Few days ago I stumbled upon a strange enough post on ProBlogger that I had to read. Why do I say strange? Well, judge for yourself… the title was “Disable Comments for a Better Blog“. By the way, you can go read that later, but I am paraphrasing what it’s all about right here!
What? Really? Disable comments for a better blog? How can that be when all we strive for is more comments on our blogs, even joining groups and tribes for it. Why would anyone want disable their comments? Well, this guy certainly did, and I thought I would try to dissect his post here and see if it all makes sense or not.
Why did this Blogger Disabled his Comments?
This ProBlogger guest was saying that he posts regularly twice a week a 1000-word post and also participates in a carnival. He said that whatever he did he would usually receive comments thanking him for the link that he would generate through carnivals, and that besides a few variations of “thank you for the link”, that was about the only type of comments he was getting.
He went on to say that these types of comments did nothing to propel the dialogue and exchange of ideas which would bring value to the post. He also mentioned that he thanks people every day, but that’s a private thing, not something he feels like he should broadcast. I think that he has a point here.
Thanking the blog’s owner for something using comments is perfectly OK, not that you shouldn’t say thank you at all. No. But if it’s all that your comments are about, there might be a problem here.
Then, he goes on to say that the “thank-you” comments were closely followed by the “I agree” comments which really didn’t bring any value to his blog either. Over all he says that 98.2 % of the bloggers leaving comments on his blog did so with an agenda which was getting links to their blog. In the end he says that he was “tired of seeing the same people saying the same things, which they did mostly out of obligation“.
Now, whether you like it or not, I am sure that gives you food for thoughts, doesn’t it? Doesn’t this want to make you analyze the type of comments that you are leaving on blogs you visit? I know it did me, even though I really try my best to leave what I call an intelligent comment as much as possible.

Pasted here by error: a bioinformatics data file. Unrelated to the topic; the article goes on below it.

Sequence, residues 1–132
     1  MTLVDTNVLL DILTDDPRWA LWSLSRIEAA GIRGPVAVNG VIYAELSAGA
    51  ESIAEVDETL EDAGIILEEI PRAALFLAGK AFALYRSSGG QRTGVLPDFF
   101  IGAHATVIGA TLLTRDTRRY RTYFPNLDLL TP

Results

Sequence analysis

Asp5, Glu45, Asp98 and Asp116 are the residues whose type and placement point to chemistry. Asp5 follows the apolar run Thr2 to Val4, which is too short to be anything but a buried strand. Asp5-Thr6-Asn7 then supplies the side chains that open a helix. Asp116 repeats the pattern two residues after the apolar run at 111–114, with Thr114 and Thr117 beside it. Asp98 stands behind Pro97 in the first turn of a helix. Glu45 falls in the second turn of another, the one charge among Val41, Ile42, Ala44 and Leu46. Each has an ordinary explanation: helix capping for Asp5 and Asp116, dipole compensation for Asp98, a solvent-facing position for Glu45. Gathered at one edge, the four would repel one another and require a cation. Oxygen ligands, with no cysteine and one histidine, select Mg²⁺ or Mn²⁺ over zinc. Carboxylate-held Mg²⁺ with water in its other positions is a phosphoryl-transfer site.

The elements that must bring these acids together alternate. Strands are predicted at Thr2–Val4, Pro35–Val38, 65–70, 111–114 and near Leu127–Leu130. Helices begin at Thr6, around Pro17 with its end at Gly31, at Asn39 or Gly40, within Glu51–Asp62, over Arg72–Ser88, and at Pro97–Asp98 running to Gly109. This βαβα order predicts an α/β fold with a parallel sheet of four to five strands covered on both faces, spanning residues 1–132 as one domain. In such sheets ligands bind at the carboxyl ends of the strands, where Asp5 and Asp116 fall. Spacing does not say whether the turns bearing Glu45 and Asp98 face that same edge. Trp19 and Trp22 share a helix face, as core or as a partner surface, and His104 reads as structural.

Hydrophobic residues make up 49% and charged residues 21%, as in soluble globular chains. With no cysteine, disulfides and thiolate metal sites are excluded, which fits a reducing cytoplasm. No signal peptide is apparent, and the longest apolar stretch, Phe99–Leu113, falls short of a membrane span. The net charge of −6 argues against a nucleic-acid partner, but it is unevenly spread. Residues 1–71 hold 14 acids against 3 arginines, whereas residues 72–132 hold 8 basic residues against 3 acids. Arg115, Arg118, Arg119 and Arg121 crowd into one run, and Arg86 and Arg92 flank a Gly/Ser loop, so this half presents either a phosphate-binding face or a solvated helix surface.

Because he was tired of what he calls a “morass” of comments he decided to disable comments on his blog, because comments are for engagement and thank-you and I agree comments are not engaging.
Another interesting argument that he makes is that the way he engages with his readers it’s by providing content. His readers are using such content, therefore, this is engagement on its own.
So, What do you Think about that? Do you Agree with him?
I am sure you will leave your feedbacks in my comment area (don’t worry, I won’t disable it) but before let me know what I think about all that.
Well, no one likes to see short useless, thoughtless comments that says something along the lines of “thanks, I agree” and nothing else. When I see such comments I want to ask for more, and I’m sure you do too. But no matter what we want, we get such comments once in while.
However, would that be enough to convince me to disable my comments? No way on earth! There is always a way to get rid of such comments if you feel that they are just trashing your blog by clicking the delete tab or not even approving them in the first place.
My two other blogs have a mind of their own and no matter what I do, comments go automatically on “moderation”, so if I see a comment that I don’t want, well, I just don’t approve it.
Would you Feel that you Can Really Engage With your Readers Without Comments?
I don’t know about you, but as for me, I’d really feel that I wouldn’t be able to communicate with anyone if I didn’t leave the dialogue open. What about if my readers have a question, do they have to fill out the contact form every time? Some times an open question which leads to an open answer can help other readers who have the same question.
Sometimes the sum of just a few comments on my post are as valuable as the post itself. This adds credibility and value to the post and the blog as a whole. Such value is even noticed by Google as I understand it. To me disabling comments all together for a few low quality feedbacks is a too big of a price to pay.
What’s very interesting is that at the end of his post this blogger goes on to say… “I’m aware of the irony that you can leave comments on this post. ProBlogger is different, obviously. Let’s just say that the recommendation to disable comments doesn’t hold for globally influential blogs whose very purpose is to engage bloggers and have them exchange idea.”
What? Am I reading what I’m reading here? Well, sir, my blog has exactly the same purpose that ProBlogger has, and who are you to tell me that my blog can’t be a global influence that will inspire the best bloggers leaving the best feedbacks to my good quality post? I beg to differ.
You see, this doesn’t make any sense in my book. We all blog for the same purpose big blogs such as ProBlogger do. We strive for good to great quality content to help the reader while encouraging the dialogue and getting even more rewards by leaving such dialogue open.
In other words, if ProBlogger can appreciate and benefit from comments, so can I, and so can you.